I find myself with an unexpected day off, so what better way to kick off the real holiday than chopping it up with Zella Palmer about family, Black history, and Wide-Awake Wilson?
Zella is chair and director of Dillard University’s Ray Charles Program in African-American Material Culture and renowned for her innovative work to preserve African-American food culture. Find out what she and I have in common — besides everything Black — this afternoon at 3:00 PM Eastern in our Instagram Live conversation @maisonzella!
Dr. Joseph H. Ward, circa World War I. Photo credit unknown.
In September 1926, Dr. Joseph H. Ward sent a note of thanks to Daily Times editor John D. Gold for a complimentary article the paper had published a few weeks before. The New York World had picked up and reprinted the piece, which had caught Dr. Ward’s attention.
Dr. Ward noted the “generosity and goodwill” of Wilson’s citizens and proclaimed that he was “proud to have been touched by the benign influence of the men who laid the foundation of the Wilson of today — the Messrs. Barnes, Woodards, Ruffins, Rountrees, Golds, Daniels, Conners, Davises, Vicks and Prices, and their illustrious compatriots.”
By populating his roll call with surnames only, Dr. Ward was able to place on an equal footing the African-American men who had positively impacted his youth — Samuel H. Vick and Joseph C. Price (and possibly, Rev. Fred M. Davis.) Notably, he did not name the family of his biological father, Dr. David G.W. Ward.
Wilson Daily Times, 3 September 1926.
I have not been able to find the August 19 article.
Many thanks to J. Robert Boykin III for the clipping.
Dr. Frank S. Hargrave did not take a position at Tuskegee Veterans’ Hospital, but he left Wilson in 1924 nonetheless, migrating to Orange, New Jersey. Who got the job, then? Dr. Joseph H. Ward of Indianapolis, who was a Wilson native.
In the 1880 census of Salisbury, Rowan County: tanner Robert Lord, 48; wife Rosetta, 40; and children Robert, 19, tobacco factory worker, Nora, 15, Irene, 12, Alonzo, 8, and Elizabeth, 21.
In the 1900 census of Statesville, Iredell County: on Garfield Street, Alonzo Lord, 28, physician; wife Lula, 24; and sister Nora B., 31.
Alonzo Richardson Lord was born 26 April 1904 in Cabarrus County, N.C., to Lula Hart and Alonzo David Lord.
In the 1930 census of Statesville, Iredell County: A. Loid, 54, physician, and wife Lula, 52.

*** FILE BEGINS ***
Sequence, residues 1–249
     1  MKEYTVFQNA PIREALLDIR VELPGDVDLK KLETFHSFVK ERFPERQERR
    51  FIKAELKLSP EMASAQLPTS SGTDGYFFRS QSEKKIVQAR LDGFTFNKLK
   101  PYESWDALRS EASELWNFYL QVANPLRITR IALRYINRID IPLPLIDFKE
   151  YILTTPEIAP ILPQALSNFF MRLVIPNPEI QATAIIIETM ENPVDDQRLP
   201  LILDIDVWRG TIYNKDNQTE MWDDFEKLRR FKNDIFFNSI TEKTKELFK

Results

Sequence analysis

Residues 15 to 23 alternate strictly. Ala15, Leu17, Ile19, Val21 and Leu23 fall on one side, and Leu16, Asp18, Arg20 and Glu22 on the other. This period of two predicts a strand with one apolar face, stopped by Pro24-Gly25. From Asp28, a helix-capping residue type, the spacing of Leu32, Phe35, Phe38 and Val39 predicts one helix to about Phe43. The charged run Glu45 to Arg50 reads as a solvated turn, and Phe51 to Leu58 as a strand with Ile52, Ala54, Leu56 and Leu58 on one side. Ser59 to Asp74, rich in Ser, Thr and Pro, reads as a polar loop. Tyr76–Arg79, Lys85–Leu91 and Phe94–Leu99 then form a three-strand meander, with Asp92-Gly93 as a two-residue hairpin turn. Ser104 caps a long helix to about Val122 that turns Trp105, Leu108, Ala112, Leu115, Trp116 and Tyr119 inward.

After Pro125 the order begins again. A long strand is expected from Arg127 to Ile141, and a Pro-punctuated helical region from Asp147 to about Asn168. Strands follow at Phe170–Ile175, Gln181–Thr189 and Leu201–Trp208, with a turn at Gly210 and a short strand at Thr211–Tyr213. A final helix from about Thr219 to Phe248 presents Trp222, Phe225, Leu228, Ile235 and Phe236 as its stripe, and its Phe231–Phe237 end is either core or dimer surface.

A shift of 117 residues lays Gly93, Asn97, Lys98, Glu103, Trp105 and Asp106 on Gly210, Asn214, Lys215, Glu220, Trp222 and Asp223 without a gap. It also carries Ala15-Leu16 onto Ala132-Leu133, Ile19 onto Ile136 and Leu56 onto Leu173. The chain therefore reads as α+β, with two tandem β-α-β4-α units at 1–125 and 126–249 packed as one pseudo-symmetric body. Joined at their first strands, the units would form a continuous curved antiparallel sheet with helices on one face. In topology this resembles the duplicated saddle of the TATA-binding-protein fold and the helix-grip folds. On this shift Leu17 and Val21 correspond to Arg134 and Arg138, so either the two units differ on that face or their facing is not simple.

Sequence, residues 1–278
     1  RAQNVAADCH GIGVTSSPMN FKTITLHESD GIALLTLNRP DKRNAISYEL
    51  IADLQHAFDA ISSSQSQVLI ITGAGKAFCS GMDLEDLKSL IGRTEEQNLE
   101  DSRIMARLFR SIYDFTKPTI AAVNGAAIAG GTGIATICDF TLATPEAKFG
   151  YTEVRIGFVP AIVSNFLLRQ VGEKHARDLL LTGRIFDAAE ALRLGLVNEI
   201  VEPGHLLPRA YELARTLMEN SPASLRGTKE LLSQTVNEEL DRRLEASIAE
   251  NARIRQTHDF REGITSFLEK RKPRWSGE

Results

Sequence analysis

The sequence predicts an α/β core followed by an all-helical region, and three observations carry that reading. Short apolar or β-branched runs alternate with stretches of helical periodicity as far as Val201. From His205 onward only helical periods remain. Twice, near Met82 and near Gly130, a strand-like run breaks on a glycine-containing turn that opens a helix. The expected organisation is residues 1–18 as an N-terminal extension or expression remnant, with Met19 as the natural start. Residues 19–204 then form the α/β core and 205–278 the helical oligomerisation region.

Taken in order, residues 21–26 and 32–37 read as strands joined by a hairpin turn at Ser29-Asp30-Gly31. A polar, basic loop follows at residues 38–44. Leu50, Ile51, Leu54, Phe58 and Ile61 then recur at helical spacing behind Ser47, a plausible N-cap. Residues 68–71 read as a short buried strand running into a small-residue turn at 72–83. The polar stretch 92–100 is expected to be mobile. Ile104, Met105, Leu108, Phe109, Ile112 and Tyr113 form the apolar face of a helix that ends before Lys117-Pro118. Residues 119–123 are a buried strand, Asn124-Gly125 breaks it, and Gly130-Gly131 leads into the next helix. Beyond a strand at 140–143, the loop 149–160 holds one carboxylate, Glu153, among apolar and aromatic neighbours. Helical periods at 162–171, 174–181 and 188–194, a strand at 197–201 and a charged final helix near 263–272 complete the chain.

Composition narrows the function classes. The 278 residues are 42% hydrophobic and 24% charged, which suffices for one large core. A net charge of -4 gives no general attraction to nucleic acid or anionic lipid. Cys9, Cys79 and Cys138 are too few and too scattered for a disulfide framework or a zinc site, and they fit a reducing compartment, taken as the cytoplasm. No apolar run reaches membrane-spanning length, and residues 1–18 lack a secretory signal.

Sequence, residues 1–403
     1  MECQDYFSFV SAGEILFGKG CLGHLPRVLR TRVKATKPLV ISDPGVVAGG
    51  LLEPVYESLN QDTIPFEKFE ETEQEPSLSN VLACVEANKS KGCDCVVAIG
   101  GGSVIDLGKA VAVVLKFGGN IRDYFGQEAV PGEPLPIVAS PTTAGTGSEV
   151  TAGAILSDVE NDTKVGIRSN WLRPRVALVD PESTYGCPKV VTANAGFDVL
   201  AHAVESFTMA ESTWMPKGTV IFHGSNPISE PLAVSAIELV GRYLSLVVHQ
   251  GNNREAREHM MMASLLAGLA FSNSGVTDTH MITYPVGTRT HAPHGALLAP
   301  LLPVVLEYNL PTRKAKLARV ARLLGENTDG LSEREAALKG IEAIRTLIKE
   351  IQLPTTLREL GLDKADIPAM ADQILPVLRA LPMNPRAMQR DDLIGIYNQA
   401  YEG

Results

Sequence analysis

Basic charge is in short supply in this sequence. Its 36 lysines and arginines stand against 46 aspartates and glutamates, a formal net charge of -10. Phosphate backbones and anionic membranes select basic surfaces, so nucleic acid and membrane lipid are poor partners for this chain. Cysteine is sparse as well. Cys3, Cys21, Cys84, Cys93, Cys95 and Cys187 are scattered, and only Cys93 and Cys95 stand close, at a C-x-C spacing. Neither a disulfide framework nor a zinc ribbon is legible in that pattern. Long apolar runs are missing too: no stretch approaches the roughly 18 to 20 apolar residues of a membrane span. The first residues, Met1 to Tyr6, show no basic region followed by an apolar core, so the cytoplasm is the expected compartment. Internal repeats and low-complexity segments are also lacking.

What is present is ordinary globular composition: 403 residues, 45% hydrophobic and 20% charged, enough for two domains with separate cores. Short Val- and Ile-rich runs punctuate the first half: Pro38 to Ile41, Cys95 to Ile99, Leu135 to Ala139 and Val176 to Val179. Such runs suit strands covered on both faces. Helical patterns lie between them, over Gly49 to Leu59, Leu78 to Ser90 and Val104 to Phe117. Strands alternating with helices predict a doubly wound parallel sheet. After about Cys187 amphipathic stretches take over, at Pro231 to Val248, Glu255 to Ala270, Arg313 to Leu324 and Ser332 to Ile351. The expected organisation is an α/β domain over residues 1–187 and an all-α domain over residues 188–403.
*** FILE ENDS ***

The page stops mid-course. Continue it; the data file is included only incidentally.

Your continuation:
In the 1930 census of Charlotte, Mecklenburg County, N.C.: Alonzo Hart, 25, teacher, lodger in the household of W.F.G. Moore.
Alonzo D. Lord died 15 April 1934 in Statesville, Iredell County. Per his death certificate, he was born 24 October 1874 in Salisbury to Robert and Rosetta Lord; was married to Lula Lord; and was a physician.
In the 1938 Hill’s Rocky Mount, N.C., city directory: Lord Alonzo R (c) prin Booker T Washington Sch h 232 Atlantic av
In the 1940 census of Statesville, Iredell County: on Adams Road, Lula Lord, 63, widow, and Henrietta Thomas, 49, widow, private nurse.
In the 1940 census of Rocky Mount, Edgecombe County, N.C.: Alonzo Hart, 35, principal and teacher, lodger in the household of Marion Hood, 35.
In 1942, Alonzo Richardson Lord registered for the World War II draft in Edgecombe County. Per his registration card, he was born 26 April 1904 in Concord, N.C.; lived 232 Atlantic Avenue, Rocky Mount, N.C.; his contact was Lula H. Lord; and he worked for Rocky Mount City Schools at Booker T. Washington High School.
On 1 October 1943, Alonzo R. Lord, 39, of Statesville, N.C., son of Alonzo and Lula Hart, married Mae McKoy, 36, of Mebane, N.C., daughter of David and Alice Murray, in Wilson. Dr. B.O. Barnes applied for the license, and Presbyterian minister J.W. Barnette performed the ceremony. [Per Beverly A. Henderson, Dr. Barnes and Alonzo Lord were close friends from their college days at Johnson C. Smith University.]
The 1962 Elizabeth City State College Catalogue lists A.R. Lord as principal and M.M. Lord as a teacher at Fourth Street Elementary School, Plymouth, N.C.
Alonzo R. Lord died 3 June 1986 in Cincinnati, Ohio.
Alonzo R. Lord, Bertha Hart, a Murphy (first name not known), Minnie McNeely, Ardeanur Smith, Statesville, N.C., mid-1920s.
Photo in collection of Lisa Y. Henderson.
Thus ends the week. Who will pick up the blogging mantle to create a one-place study chronicling the lives and history of Iredell County African-Americans?
Johnston County native William A. Mitchner practiced medicine in Wilson from about 1908 until his death in 1941. At the end of his career, he practiced from this small brick office at 528 East Nash Street.